Why Process Matters
Randolph J. May
No doubt sometimes we may think the substantive outcome of particular government actions - whether net neutrality, spectrum auctions, merger reviews, or whatever - may matter more. And perhaps in the short term, and for those especially impacted, this may be true.
But, in the end, and for the most part, the process by which the government's decisions are reached is as important as the substantive result.
This is why, right from the Free State Foundation's founding in 2006, promoting rule of law principles has been an important part of our mission. It is why a considerable amount of our work focuses on various aspects of the administrative process, especially the Federal Communications Commission's processes.
And it is why I have been pleased that FCC Commissioner Michael O'Rielly has devoted so much attention, in a series of blog posts, to offering various process reforms that should be considered by the agency.
According to the World Justice Project, a central element of the rule of law is that "[t]he process by which the laws are enacted, administered, and enforced is accessible, fair, and efficient." This is the standard against which the process employed by the FCC in reaching substantive decisions, including adoption of regulations that carry the force of law, ought to be measured: Is the process employed accessible, fair, and efficient?
In his book, The Rule of Law in America, Ronald Cass says the rule of law "pulls society in the direction of knowable, predictable, rule-based decision-making, toward limitations on the alignment of power with legitimacy." Knowable, predictable, rule-based making decision-making - another way of characterizing elements of a rule of law regime.
In his posts concerning reforming the FCC's processes, Commissioner O'Rielly has addressed a number of practices involving "the way that the Commission works" that are worthy of attention. These include, for example, matters relating to release of Commission draft items to the public in advance of Sunshine meetings; delegation of decision-making authority to the Commission's staff; granting "editorial privileges" to the staff regarding orders adopted by the Commissioners; and retrospective review of Commission regulations.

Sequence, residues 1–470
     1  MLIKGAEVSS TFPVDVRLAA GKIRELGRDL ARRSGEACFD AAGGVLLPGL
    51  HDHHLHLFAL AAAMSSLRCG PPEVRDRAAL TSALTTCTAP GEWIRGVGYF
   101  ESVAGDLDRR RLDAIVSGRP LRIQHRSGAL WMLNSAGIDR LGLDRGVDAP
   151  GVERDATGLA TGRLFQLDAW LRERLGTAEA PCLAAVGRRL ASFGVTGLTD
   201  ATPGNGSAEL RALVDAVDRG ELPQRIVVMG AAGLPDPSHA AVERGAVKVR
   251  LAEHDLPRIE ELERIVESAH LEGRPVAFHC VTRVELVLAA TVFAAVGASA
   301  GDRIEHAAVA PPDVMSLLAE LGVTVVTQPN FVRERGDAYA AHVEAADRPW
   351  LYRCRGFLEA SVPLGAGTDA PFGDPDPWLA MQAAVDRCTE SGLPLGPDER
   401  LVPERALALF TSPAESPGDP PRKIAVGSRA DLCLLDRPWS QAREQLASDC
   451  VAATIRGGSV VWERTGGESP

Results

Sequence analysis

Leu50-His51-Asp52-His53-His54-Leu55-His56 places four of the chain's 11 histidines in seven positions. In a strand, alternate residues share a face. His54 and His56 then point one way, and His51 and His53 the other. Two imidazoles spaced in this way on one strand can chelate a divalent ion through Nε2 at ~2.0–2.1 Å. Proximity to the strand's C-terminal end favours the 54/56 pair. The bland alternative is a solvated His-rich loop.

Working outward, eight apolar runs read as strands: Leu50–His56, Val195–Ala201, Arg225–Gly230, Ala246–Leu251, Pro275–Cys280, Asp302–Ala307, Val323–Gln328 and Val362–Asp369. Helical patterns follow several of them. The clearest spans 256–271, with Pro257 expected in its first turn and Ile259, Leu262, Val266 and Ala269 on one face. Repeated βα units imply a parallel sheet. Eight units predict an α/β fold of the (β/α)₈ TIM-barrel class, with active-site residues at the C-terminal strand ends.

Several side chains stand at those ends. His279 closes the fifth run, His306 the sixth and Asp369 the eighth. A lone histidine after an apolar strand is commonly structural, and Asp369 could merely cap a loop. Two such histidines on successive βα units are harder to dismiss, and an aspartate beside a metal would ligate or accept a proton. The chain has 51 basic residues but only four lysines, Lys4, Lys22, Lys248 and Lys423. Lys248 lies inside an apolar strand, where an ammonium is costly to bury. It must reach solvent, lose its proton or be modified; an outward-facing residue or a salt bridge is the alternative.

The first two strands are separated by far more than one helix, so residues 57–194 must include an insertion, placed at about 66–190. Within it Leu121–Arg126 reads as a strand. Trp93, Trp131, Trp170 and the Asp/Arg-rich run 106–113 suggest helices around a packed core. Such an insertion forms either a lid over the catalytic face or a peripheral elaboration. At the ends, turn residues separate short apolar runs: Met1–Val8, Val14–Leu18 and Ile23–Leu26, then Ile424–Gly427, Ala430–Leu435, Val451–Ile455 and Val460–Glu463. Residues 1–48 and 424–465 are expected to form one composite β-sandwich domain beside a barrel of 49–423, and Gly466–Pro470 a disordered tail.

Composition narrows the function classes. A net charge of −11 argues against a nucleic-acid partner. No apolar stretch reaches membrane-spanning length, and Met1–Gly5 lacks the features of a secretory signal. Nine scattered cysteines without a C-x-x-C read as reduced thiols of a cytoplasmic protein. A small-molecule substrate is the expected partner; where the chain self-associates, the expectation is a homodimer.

Of course, as long-time FCC-watchers know, some of the practices that Commissioner O'Rielly has addressed have been in place since shortly before Genesis, or at least shortly thereafter. But, at least in my book, that should not make them immune from reconsideration and change, when warranted.
Here is just a small sample of what Commissioner O'Rielly has said regarding various process matters:
Delegated Authority: Serious Objections and Solutions
"As a minority commissioner, it is bad enough to have your ideas and concepts rejected as a whole and have little to no input on an item (unless you completely ignore your principles). It is worse to see the extension of those decisions expanded upon for years to come by a bureau under delegated authority. While I wholeheartedly admit that I was not elected and therefore not directly answerable to the American people, my colleagues and I are subject to confirmation by the Senate, resulting in a closer level of accountability to the democratic process than that maintained by a bureau or office chief."
Fixing Flawed and Non-Existent "Editorial Privileges"
"There does not seem to be a clear understanding even within the agency, since the procedure is not in the FCC's rules or its current internal guides (which are not publicly available). In other words, I was being asked to grant authority that doesn't officially exist at all. When alerted to this fact, I realized that I could no longer support it."
Update on Advance Posting of Commission Meeting Items
"The concern is that, if we provide a copy of the draft item, we will get more specific comments and ex partes that staff will have to address when finalizing the item. That is, we might actually get constructive feedback based on facts about what is in a draft that require us to roll up our sleeves and explain why we've made certain decisions and discarded alternatives. At bottom, that's not a legal issue but a logistical one."
* * *
You should read the entirety of Commissioner O'Rielly's pieces to get the full context of his reasoning and the specifics of his proposals. But it should be clear - whether or not you or I necessarily agree with all his proposals - that Commissioner O'Rielly is raising serious issues that ought to be discussed and debated on the merits. Because process matters if the rule of law is to be upheld.
I am very pleased that the Free State Foundation's lunch seminar tomorrow - Tuesday, July 28 at the National Press Club - will provide a forum for just such discussion and debate. The program is titled, "Implementing Real Regulatory Reform at the FCC." Commissioner O'Rielly will deliver a keynote address. After his remarks, Richard Wiley, former Chairman, Commissioner, and General Counsel of the FCC, and Gus Hurwitz and Daniel Lyons, both telecom and administrative law scholars who are members of FSF's Board of Academic Advisors, will react and offer their own thoughts.
A complimentary lunch will be served. The event details are here
. To attend, please register here
Hope to see you on Tuesday. BTW, use #FCCReform for your tweets.
The Free State Foundation
P. O. Box 60680
Potomac, MD 20859